(sponsored by Cool Cups)
Almost all of us love to go to the beach. I love to drive down to Santa Monica or Malibu and admire the magnificence and beauty of our precious ocean. Some of us like to swim, others like to lie in the sand. The ocean provides us with relaxation, recreation, a great opportunity to spend time with loved ones, and if you are into water sports, a great playground for that.
The ocean is the home of millions of living creatures; it is a major part of our entire planet's eco-system and it helps provide us with oxygen. Most of Earth’s oxygen comes from tiny ocean plants called phytoplankton that live near the water’s surface and drift with the currents.
In an article I read on HealtheBay.com a not-for-profit organization dedicated to helping keep our ocean, beaches and waterways clean, they mention how “Plastics Threaten Ocean Ecology and Our Food Web.” In this article Miriam Goldstein, a researcher at the Scripps Institution of Oceanography at UC San Diego, speaks of how they have done a study that offers the first proof that plastics in the open ocean are affecting marine invertebrates with consequences for the entire marine food web, because nearly all plastics break down into smaller and smaller pieces, and everything from turtles to seabirds and fish mistake bits of plastic for food. They estimated that fish in the intermediate ocean depths of the North Pacific Ocean ingest plastic at a rate of roughly 12,000 to 24,000 tons per year.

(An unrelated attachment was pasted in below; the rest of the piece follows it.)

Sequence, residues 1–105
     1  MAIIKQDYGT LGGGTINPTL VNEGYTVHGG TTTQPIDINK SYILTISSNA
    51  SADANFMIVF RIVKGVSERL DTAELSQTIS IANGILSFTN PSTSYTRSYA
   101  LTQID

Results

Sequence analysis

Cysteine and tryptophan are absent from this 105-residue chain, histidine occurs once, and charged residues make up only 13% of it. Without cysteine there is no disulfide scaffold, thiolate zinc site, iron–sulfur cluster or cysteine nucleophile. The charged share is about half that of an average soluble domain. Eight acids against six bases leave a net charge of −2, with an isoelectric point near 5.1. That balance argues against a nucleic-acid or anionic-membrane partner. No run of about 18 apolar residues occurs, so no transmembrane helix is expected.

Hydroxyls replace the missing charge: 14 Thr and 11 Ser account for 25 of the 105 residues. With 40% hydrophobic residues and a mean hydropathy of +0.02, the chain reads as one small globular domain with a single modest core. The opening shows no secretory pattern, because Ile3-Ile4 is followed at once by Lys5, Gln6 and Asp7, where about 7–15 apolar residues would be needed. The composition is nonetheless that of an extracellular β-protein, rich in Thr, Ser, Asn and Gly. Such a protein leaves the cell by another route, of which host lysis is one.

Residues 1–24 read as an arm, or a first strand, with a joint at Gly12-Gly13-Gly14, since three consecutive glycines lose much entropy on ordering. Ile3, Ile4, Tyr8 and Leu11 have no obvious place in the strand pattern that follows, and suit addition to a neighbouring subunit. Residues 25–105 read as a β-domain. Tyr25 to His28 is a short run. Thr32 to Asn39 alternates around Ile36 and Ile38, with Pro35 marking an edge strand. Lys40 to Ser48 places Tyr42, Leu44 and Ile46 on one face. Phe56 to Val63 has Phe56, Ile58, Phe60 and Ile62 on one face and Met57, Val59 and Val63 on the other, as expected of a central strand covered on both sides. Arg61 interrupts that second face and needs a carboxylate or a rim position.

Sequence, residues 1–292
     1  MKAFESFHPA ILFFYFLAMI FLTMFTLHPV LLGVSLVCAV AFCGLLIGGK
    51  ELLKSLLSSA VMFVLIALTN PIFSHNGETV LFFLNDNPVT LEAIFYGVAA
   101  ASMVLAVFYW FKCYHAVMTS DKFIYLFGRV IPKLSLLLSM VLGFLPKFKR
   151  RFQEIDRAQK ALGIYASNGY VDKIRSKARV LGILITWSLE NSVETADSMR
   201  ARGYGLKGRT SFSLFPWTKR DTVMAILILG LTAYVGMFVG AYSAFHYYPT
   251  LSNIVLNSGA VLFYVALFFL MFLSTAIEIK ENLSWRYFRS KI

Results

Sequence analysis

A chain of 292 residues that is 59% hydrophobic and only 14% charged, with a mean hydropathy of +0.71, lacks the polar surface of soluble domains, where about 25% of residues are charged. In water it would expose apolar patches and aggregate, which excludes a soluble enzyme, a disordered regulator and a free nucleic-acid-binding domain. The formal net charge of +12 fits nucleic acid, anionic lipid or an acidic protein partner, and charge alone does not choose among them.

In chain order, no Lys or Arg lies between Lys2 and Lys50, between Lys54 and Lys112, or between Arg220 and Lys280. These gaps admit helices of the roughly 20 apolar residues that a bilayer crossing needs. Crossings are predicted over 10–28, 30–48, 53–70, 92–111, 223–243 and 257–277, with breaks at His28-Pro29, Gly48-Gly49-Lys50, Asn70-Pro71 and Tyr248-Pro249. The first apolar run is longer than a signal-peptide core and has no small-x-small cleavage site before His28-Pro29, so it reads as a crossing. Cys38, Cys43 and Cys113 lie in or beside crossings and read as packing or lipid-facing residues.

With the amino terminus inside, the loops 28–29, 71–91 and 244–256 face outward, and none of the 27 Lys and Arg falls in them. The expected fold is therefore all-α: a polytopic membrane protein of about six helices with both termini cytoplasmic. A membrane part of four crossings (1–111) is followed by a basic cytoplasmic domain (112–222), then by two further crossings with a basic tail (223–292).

One of the ways Heal the Bay is working to reduce the amount of plastic that ends up polluting the ocean and threatening the fish we consume, is by advocating for the banning of single-use plastic bags in Los Angeles. Less than five per cent of the 19 billion plastic bags used in California every year are recycled, and many of these plastic bags become litter and eventually end up polluting our ocean.
Photo by Brandon Scott
You can participate in Heal the Bay beach cleanups. Find out more...